Dismiss Notice
Join Physics Forums Today!
The friendliest, high quality science and math community on the planet! Everyone who loves science is here!

A Convergence order of central finite difference scheme

  1. Nov 8, 2017 #1
    For example, when we solve simple 1D Poisson equation by finite difference method, why three point central difference scheme on uniform grid (attached image) is second order method for solution convergence?

    I understand why approximation of first derivative is second order (and that second derivative is also second order because cancelation of first order truncation error term on uniform grid), but I don’t understand why solution also converges with second order.

    Basically, this approximation is equivalent to fitting local quadratic (p=2) polynomial through three points which should theoretically yield third (p+1) order method?

    Attached Files:

  2. jcsd
  3. Nov 8, 2017 #2
    What is the differential equation that you are solving and what numerical scheme are you using?

    A finite difference is just an approximation of a derivative. By replacing the derivatives in a partial differential equation with their finite difference representations, you will get a large system of simultaneous equations. A classic example of this is the four point stencil for the two dimensional Laplace equation. This will produce a sparse diagonally banded matrix which can be solved very quickly using successive over-relaxation (SOR). There are other PDEs however, where finite difference approximations don't produce a system that is easy to solve. Non-linear PDE's are an obvious example since the system of equations cannot be cast as a matrix equation.
  4. Nov 9, 2017 #3
    Thx NFuller, but that wasn't what I had in mind. Here are some more details.
    I used example of linear 1D Poisson equation (smooth exact solution) and compared convergence of few numerical methods with different order of basis (interpolation) functions. I used B-spline functions as basis functions. Order of convergence was determined for each method and each basis function by plotting graph "dx - error norm" in log-log scale and slope of the curve determines convergence order of method.
    Theoretically convergence order depends of polynomial order of basis function (Taylor series expansion), and for Galerkin method (classical FEM) there is full convergence order, i.e. if "p" is order of basis function than solution converges with order "p+1", while first derivative converges with order "p" and second derivative with order "p-1". For collocation method that is not case and there is reduction in convergence order. Now I'm trying to figure way.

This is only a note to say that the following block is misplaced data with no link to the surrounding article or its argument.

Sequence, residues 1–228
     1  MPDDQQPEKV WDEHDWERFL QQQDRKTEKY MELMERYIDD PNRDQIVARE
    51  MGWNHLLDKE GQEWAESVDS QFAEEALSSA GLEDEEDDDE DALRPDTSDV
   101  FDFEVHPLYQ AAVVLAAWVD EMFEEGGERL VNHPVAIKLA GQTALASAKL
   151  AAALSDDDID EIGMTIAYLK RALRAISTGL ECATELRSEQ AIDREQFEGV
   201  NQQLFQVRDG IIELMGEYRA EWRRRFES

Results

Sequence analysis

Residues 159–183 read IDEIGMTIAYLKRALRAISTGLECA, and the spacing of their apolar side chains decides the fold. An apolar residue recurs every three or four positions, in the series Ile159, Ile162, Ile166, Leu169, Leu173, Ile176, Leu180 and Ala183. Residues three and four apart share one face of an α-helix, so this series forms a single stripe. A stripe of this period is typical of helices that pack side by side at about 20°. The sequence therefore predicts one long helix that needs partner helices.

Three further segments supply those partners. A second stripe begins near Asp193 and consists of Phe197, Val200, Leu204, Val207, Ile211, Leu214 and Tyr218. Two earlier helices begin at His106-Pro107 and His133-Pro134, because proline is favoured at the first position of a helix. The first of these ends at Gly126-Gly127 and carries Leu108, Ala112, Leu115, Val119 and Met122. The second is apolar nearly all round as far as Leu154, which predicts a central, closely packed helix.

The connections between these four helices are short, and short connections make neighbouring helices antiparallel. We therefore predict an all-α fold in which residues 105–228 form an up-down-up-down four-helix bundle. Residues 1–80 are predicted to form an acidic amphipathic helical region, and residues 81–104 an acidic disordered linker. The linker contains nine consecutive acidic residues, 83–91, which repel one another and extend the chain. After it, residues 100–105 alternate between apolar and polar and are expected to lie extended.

So I used also Finite difference method (FDM) with 3 point stencil which is equivalent to approximation of second derivative by local polynomial of order p=2 (i.e. quadratic) and solution converges with order 2. By looking into Taylor expansion it is clear that first derivative approximation converges with order 2, and that second derivative converge also with order 2 (for uniform/symmetric grid and even-order polynomials as in this case). Now I'm looking for more detailed explanation why central difference scheme on three point stencil has same convergence order for solution as for first two derivatives.
  5. Nov 10, 2017 #4
    $$f(x+\Delta x)=f(x)+f'(x)\Delta x+f''(x)\frac{(\Delta x) ^2}{2}+f'''(x)\frac{(\Delta x)^3}{6}+f''''(x)\frac{(\Delta x)^4}{24}$$
    $$f(x-\Delta x)=f(x)-f'(x)\Delta x+f''(x)\frac{(\Delta x) ^2}{2}-f'''(x)\frac{(\Delta x)^3}{6}+f''''(x)\frac{(\Delta x)^4}{24}$$
    $$\frac{f(x+\Delta x)-2f(x)+f(x-\Delta x)}{(\Delta x)^2}=f''(x)+f''''(x)\frac{(\Delta x)^2}{12}$$
  6. Nov 10, 2017 #5
    Thx, Chestermiller, but I'm interested how can I relate this with convergence of discretization error for approximation of boundary value problem with FDM, i.e., convergence order of numerical solution, and not truncation error for approximation of derivative.
  7. Nov 10, 2017 #6
    In my judgment (and experience), it really boils down to the same thing.
  8. Nov 10, 2017 #7
    I have posted same question here:

    If we use classical Galerkin FEM and quadratic Lagrangian polynomials we will get that solution converges by order 3. If we differentiate numerical solution and compare with exact first derivative of solution we will get that 1st derivative converges by order 2, and 2nd derivative will converge with order 1. It means that in Galerkin FEM convergence order depends directly on order of Lagrangian polynomial (I am assuming ideal case when solution is sufficiently regular).

    Now I'm trying to relate this with convergence of FDM. Apparently we are dealing with quadratic polynomial (or even of degree 4; because of symmetry for second derivative approximation) but our FDM is only 2nd order method. I can't figure why. I know that collocation method for same basis function will have reduced order when compared with Galerkin.

    Is there some order reduction in FDM because its nature of approximation?
  9. Nov 10, 2017 #8
    I don't know how to answer this except to say that I have solved many, many, many PDE's (parabolic, elliptic, Poisson) in my day using central differences for the spatial derivatives (FDM), and have always found that the solutions converged with 2nd order accuracy in the spatial increments. That is, the errors were of order ##(\Delta x)^2##.
Share this great discussion with others via Reddit, Google+, Twitter, or Facebook

Have something to add?
Draft saved Draft deleted